The SEC has charged a Synchrony Capital hedge fund manager with stealing from the hedge fund to pay for Broadway shows, clothing, jewelry, vacations, and kids’ summer camp fees, among other luxury expenses.
According to the charges, which were filed in the US District Court for the District of Massachusetts, Eric Lyons misappropriated approximately $570,000 from the hedge funds he managed. Lyons is also accused of engaging in a fraudulent offering of securities, in which he obtained $300,000 from an investor based on false and misleading statements, in order to replace some of the misappropriated money. In total, the SEC alleges that Lyons raised approximately $700,000 from the misappropriation and securities offering fraud schemes.
Lyons and another unnamed owner founded the Synchrony hedge fund business in 2012 with the formation of Synchrony Capital as the adviser to, and manager of, the Synchrony Value Fund. Lyons and the other owner initially founded the business as an investment vehicle for Lyons’ extended family, although Lyons was not an investor in his family’s fund. Instead, Lyons was paid by the family through the fund to serve as their investment adviser.
The SEC’s complaint alleges that from mid-2017 to the present, Lyons and various investment adviser entities that he controlled engaged in a scheme to misappropriate assets from the hedge funds Lyons and the Synchrony adviser entities managed. Lyons allegedly transferred hundreds of thousands of dollars from the Synchrony hedge funds to his personal bank accounts to pay for expenses such as vacation travel, entertainment, rent, automobile lease payments, and other personal expenses.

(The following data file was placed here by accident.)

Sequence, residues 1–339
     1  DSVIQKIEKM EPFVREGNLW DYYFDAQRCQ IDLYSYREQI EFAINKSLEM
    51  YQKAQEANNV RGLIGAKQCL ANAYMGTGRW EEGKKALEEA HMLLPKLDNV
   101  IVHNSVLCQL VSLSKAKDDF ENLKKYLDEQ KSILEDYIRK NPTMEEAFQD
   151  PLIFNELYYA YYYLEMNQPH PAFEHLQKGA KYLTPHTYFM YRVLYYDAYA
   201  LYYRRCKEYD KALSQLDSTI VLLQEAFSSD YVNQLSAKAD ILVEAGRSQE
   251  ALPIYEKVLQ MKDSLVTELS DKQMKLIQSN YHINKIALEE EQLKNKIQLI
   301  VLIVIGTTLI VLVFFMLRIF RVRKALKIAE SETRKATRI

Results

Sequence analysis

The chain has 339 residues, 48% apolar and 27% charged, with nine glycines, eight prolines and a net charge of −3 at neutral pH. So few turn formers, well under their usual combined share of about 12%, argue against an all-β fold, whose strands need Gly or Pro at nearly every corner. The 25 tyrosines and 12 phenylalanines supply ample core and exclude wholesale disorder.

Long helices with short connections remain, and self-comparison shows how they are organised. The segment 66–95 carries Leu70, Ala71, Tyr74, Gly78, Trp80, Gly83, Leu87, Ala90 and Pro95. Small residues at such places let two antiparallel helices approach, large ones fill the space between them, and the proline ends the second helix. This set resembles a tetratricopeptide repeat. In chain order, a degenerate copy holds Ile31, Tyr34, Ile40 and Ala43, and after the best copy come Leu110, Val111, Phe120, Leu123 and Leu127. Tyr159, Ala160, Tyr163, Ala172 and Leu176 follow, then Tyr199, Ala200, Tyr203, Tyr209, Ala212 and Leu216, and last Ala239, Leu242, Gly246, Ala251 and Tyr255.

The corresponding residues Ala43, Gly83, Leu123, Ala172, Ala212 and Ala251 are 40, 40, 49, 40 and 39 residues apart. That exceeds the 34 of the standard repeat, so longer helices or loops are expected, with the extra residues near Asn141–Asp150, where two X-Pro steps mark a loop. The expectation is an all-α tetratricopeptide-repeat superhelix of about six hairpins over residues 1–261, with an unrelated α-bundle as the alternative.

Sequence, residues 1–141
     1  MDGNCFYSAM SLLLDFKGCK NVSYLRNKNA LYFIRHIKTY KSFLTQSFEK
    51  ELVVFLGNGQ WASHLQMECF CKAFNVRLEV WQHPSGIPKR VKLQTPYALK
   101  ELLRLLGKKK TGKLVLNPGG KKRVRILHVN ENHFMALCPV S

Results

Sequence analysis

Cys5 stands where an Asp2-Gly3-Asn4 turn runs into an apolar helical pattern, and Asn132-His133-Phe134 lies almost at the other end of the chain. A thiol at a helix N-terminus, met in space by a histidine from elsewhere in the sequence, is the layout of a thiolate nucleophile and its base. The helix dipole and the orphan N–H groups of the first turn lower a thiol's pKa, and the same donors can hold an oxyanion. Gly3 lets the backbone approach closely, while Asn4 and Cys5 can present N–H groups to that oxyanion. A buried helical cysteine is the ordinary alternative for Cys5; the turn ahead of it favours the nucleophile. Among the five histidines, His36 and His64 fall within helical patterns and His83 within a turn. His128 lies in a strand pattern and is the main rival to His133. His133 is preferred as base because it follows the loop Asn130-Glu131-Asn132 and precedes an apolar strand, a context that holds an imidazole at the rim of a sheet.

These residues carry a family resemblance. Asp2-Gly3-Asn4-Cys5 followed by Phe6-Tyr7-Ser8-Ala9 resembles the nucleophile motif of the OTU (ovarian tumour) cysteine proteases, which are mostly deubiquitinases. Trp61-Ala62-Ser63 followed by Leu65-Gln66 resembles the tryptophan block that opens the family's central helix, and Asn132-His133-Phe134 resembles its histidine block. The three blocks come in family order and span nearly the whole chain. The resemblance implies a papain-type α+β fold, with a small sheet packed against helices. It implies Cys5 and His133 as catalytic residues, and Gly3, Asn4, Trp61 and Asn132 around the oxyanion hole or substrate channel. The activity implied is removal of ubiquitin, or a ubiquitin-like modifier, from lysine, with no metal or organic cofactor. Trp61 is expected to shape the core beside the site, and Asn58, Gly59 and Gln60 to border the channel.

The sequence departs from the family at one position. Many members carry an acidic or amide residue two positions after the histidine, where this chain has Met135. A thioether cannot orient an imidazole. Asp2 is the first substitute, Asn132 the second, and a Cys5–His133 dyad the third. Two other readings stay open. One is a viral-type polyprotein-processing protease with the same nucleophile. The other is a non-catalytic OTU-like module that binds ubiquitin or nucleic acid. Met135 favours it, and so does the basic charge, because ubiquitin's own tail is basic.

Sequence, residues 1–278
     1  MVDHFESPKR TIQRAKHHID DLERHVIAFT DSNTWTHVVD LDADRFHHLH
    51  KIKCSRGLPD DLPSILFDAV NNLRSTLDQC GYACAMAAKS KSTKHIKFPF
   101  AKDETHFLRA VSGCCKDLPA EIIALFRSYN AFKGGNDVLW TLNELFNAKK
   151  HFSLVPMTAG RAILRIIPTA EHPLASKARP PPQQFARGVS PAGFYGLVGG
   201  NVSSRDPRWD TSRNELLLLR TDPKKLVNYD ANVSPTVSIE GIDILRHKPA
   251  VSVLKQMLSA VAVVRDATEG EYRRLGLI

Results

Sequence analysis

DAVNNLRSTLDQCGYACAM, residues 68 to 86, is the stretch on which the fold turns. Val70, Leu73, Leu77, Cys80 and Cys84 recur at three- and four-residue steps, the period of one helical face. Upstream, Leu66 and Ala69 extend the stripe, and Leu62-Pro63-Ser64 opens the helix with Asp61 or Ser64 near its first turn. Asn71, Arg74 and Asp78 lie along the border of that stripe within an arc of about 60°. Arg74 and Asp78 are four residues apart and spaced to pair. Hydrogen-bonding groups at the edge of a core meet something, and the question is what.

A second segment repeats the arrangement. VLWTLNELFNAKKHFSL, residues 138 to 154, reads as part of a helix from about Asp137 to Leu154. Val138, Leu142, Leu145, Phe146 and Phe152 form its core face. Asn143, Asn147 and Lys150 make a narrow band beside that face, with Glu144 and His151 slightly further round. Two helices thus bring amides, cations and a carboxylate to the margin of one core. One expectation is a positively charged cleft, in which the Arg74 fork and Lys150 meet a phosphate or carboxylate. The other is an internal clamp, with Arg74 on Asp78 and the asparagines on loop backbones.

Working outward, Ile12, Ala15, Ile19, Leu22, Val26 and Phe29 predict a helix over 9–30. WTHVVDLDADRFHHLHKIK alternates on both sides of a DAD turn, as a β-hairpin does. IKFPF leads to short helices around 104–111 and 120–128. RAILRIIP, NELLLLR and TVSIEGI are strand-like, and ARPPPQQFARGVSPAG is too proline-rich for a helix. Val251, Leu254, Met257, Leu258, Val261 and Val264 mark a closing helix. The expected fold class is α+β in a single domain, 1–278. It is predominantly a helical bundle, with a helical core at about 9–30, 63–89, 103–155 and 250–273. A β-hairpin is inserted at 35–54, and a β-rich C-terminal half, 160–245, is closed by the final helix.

According to the complaint, in May 2017, Lyons started to negotiate with a Czech investor about forming a new private fund separate from the Value Fund. As part of the new fund, the Czech investor also wanted to acquire 50% of the fund’s newly formed investment adviser in exchange for investing $100,000 in the fund alongside its client. Without informing the other members of Synchrony Capital, Lyons agreed to start the new private fund, which he called the Capital Partners Fund.
Lyons created Synchrony Capital Group as the general partner of the Capital Partners Fund, and as such would receive management and performance fees from the fund. Lyons also opened a brokerage account and bank accounts in the name of Synchrony Capital Group and the Capital Partners Fund, over which he had control but the Czech investor did not. The SEC said Lyons’ and Synchrony Capital Group’s representations to the Czech investor regarding the operation of the Capital Partnership Fund and the custody of investor funds were “false and misleading.”
The complaint alleges that Lyons and Synchrony Capital Group knew that they intended to misappropriate the Capital Partners Funds’ assets by transferring them to Lyons’ personal bank account or using them to pay for Lyons’ personal expenses.
According to the regulator, in February 2018, the assets of the Capital Partners fund were wiped out by investment losses incurred by securities trading positions taken by Lyons and Synchrony Capital Group. And by December of that year, Synchrony Capital had dissolved.
The SEC is seeking injunctive relief, disgorgement of ill-gotten monetary gains, plus interest and penalties. The SEC’s complaint also names as relief defendant Synchrony Global Macro, LP, which holds investor assets.